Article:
Edison Research releases “Share of Ear” study: AM/FM at 52% of all listening sources

share of ear chart

Edison Research has released a summary of what it characterizes as a “groundbreaking” study of what American adults and teens listen to. Called¬†Share of Ear,¬†it is a new research franchise for Edison, which earlier this year released the 22nd edition of its annual The Infinite Dial study.

Share of Ear surveyed listening patterns across many sources of audio: AM/FM radio (which garnered more than half of reported listening), Owned Music (CDs downloaded music files, etc.), Internet Radio/Music (covering non-interactive services like Pandora and interactive services like Spotify), SiriusXM, TV Music Channels, Podcasts, and Other sources in a catch-all category.


“I’m certain that the trendline for overall audio listening is going up.” –Larry Rosin, President, Edison Research


AM/FM radio accounts for 52.1% of listening in the Share of Ear study. Internet music listening gets 11.6% of the “Ear.” Owned music, which represents non-streamed and non-broadcast listening, takes 20.3% of listening among respondents.

“One graph really says a lot,” Edison Research President Larry Rosin told RAIN in a phone call. “It says that there’s a lot of radio listening, and a lot of listening to other things, too. It’s a dynamic space with a lot going on. There’s so much interest in the space, with so many companies entering it.”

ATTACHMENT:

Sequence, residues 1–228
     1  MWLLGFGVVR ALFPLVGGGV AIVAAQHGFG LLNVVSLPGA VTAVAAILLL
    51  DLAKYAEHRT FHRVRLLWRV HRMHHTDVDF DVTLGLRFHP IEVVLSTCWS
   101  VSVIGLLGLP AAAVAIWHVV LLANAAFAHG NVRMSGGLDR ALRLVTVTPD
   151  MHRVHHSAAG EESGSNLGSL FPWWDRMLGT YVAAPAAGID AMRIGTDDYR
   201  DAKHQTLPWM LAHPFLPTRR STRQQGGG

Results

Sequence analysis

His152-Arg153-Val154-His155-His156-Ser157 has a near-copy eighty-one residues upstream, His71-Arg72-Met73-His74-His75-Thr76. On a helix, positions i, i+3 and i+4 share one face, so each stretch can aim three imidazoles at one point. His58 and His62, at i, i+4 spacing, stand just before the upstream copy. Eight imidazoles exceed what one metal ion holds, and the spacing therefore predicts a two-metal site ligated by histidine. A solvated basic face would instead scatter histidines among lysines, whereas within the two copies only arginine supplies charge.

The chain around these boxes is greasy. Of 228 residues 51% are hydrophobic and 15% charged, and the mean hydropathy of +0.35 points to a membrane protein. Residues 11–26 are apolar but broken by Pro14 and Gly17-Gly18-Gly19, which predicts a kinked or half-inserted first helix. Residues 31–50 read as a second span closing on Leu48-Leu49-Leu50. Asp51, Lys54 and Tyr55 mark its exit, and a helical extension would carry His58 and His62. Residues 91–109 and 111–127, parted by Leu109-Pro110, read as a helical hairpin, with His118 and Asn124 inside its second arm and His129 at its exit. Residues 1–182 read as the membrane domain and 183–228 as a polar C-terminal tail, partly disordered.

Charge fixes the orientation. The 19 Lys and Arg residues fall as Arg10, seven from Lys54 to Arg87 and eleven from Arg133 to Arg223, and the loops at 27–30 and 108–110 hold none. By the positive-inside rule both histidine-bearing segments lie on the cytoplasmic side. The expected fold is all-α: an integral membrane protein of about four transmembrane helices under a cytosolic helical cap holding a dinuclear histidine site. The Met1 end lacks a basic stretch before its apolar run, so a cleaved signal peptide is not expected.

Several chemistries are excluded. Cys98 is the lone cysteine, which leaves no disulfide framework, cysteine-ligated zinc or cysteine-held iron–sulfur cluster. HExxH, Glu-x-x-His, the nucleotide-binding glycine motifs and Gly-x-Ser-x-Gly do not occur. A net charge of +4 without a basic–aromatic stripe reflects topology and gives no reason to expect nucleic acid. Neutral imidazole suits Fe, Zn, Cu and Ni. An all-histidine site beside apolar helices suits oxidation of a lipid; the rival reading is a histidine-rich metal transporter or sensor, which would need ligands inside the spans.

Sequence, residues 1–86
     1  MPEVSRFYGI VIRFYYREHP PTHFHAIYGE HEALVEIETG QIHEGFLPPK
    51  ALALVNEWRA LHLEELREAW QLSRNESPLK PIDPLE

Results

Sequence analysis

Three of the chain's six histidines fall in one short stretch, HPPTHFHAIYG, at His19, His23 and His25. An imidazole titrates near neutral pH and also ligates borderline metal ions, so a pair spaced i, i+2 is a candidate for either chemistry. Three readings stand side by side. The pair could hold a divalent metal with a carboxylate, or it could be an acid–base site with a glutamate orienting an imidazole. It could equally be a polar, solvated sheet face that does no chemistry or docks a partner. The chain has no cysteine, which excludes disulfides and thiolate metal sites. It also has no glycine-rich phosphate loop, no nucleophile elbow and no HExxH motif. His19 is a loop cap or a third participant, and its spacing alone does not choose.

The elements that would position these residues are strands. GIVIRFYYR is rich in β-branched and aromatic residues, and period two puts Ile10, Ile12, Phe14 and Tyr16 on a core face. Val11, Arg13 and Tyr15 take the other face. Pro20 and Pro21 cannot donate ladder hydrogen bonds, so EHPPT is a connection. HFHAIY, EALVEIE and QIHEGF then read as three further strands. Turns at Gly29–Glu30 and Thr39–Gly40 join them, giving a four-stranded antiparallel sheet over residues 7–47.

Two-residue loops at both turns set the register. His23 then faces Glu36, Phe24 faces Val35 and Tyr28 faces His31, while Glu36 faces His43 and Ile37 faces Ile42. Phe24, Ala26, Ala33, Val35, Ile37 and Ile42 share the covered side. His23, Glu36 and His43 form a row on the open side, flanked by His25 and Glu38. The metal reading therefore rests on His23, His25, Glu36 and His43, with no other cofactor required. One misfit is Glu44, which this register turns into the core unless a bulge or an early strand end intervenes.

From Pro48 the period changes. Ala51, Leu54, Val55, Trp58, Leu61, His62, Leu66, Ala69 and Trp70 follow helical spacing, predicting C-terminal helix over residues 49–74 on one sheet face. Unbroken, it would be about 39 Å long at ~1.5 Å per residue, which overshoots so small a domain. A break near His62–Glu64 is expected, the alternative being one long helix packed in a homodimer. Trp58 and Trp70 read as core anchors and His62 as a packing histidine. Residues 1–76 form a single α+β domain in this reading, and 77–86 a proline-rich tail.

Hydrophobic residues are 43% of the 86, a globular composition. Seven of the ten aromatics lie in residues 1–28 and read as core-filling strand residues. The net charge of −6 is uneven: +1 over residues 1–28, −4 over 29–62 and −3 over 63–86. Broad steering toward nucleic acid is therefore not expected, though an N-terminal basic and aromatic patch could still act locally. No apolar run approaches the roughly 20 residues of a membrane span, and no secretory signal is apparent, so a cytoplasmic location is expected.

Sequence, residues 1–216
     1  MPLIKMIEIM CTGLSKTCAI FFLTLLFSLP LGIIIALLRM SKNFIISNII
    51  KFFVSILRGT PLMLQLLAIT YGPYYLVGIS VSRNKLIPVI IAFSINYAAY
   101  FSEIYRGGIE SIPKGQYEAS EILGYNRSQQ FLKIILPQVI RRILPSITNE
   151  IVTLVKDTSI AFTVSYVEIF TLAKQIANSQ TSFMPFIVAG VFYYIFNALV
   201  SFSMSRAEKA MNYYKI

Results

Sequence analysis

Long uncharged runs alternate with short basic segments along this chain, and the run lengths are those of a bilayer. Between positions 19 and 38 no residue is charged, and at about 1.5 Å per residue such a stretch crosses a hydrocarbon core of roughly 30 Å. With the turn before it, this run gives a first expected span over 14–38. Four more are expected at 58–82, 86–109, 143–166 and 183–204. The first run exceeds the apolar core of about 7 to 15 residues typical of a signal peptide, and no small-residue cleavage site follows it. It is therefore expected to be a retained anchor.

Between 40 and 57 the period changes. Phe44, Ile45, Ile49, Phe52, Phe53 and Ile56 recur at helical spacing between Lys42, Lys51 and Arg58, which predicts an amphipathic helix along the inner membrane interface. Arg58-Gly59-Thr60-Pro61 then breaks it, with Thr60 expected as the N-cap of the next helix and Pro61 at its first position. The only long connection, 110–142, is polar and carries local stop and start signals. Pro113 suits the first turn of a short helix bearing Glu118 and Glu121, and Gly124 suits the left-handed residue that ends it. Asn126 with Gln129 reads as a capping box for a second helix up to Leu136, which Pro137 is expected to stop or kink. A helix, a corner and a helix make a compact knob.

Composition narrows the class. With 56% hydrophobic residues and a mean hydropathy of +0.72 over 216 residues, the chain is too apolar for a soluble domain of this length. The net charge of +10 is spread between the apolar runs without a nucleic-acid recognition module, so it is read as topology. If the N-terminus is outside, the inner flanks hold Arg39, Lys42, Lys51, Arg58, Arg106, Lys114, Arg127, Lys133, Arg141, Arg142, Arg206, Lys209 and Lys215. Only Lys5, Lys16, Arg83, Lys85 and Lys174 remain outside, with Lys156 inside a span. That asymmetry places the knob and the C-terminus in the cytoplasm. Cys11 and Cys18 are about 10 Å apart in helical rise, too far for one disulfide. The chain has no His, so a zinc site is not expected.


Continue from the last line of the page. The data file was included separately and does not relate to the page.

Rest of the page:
The survey mechanism was a 24-hour listening diary completed by over 2,000 Americans, 13 years old and older. The diaries were completed in May.

All told, the study reveals that Americans listen to just over four hours of audio per day. We asked Larry Rosin how this corresponds with his conviction, first expressed in last falls release of The New MainStream 2013, that people are listening to more audio now than in earlier years.

“I have no doubt that the total amount of audio listening is going up,” rosin told us. “It’s available in more places, throuogh more technologies, from more sources — there are just more ways to listen, and more opportunities to listen. I’m certain that the trendline for overall audio listening is going up.”

Brad Hill